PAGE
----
I'm currently tuned CGDGBE (Steve Tibbetts tuning) because I need to keep the top four strings in standard tuning (for the meantime) to not confuse the heck out of my daughter playing with her Classical lessons, and I have no 7-string at this time. Also, M3rds Tuning is not as good for Me, Myself & I playing as having those stacked fifths in the bass.

    When I get/build an 8-string, I'll almost certainly go back to M3rds.

    Some other resources:
     
  8. ElRay

    ElRay Mostly Harmless

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    Welcome aboard. It's nice to have another Ye Olde Farte around here, especially a M3rds Fan.

    Do you play primarily 7-sting Jazz?


    Ray
     
  9. Keith Bromley

    Keith Bromley SS.org Regular

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    Unfortunately, Ralph Patt died in October 2010 at age 80. There are some audio clips of his playing on his web site Ralph Patt's Jazz Web Page.

    Let me thank Kiefer Wolfowitz for the following links to M3 recordings:

    Patrick Zemb independently invented M3 tuning, somewhat later than Ralph Patt. He has about 6 recordings at his site:
    La Guitare #5 par la diagionale des quartes, page D1 (en Francais)

    Ole Kirkeby has posted Guitar Pro 6 files along with pdfs, etc. of many contemporary jazz standards at his website on M3 tuning, for solos
    M3 Guitar 3.0 -- Solo Arrangements
    and for duets:
    M3 Guitar 3.0 -- Duets
     
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  10. Keith Bromley

    Keith Bromley SS.org Regular

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    Ray,
    Thanks for the Welcome. I was somewhat hesitant to submit a new post to a thread that hasn't been active since 2006. But I think that exploring alternative tunings is exciting. I am a big fan of regular tunings, and I wanted to share what I had learned about both P4 and M3.
    I have an Ibanez AFJ957 7-stringer tuned to major thirds (E Ab C E Ab C E) and a Schecter Jazz-7 7-stringer tuned to perfect fourths (B E A D G C F). I like to play old pop/jazz standards, some Bossa Nova, and some Chet-Atkins country fingerstyle.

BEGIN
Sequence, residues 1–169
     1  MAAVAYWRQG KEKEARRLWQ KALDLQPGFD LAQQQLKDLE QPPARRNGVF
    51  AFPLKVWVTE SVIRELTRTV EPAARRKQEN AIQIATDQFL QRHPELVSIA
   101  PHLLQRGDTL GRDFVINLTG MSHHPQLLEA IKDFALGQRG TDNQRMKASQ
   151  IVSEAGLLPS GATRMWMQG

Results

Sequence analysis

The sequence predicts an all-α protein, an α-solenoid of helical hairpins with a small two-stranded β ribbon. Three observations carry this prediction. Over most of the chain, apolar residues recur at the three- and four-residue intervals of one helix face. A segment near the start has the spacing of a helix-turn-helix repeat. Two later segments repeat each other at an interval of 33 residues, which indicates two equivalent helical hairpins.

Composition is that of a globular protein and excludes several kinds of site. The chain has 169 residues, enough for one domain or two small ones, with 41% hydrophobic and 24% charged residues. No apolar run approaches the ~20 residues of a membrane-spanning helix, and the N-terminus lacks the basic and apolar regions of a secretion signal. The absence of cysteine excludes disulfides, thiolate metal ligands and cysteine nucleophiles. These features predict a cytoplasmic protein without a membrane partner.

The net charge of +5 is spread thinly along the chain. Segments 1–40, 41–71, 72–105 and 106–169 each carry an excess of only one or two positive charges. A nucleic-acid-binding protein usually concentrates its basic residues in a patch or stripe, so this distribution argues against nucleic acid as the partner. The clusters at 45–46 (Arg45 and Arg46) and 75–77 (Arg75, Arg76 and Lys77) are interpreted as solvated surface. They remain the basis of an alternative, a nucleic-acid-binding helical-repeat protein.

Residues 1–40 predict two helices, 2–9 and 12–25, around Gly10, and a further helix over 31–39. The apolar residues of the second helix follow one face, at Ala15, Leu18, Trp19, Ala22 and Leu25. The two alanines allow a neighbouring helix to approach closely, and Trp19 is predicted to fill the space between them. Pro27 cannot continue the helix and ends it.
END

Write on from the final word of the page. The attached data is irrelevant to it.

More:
How about you?
     
  11. ElRay

    ElRay Mostly Harmless

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    Good necrobumps are good, bad necrobumps are bad.
    Same here. I like the denseness of M3rs and the airiness of P5ths. I'm planning a multi-scale 6-string build and will almost definitely go all 5ths (F#CGDAE - middle four like a cello + a 5th higher and lower)
    I'm in a tough spot right now. I like harder-edged finger style blues, surf and neoclassical shred that's not too meedley-meedley-meedley. Right now, my "me" time is scarce and I've been so on-again-off-again over the years that keeping a working piece ahead of my daughter's Classical lessons is about all I can manage. Eventually, I will be pushing into more rhythmically complex finger style and having the regular tunings fall right into that.

    Ray
     
  12. ixlramp

    ixlramp SS.org Regular

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  13. 80H

    80H Banned

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    The point of going with an alternate tuning is to explore possibility. It's not so much about what's possible with the tuning so much as it is pushing us to make music with a fresh approach that we never would have thought to make with standard tuning, because it's so alien when compared to standard. Being pushed out of a comfort zone is great for growth, and on the plus side, there's also new music that comes out of the tuning which is always pretty sweet.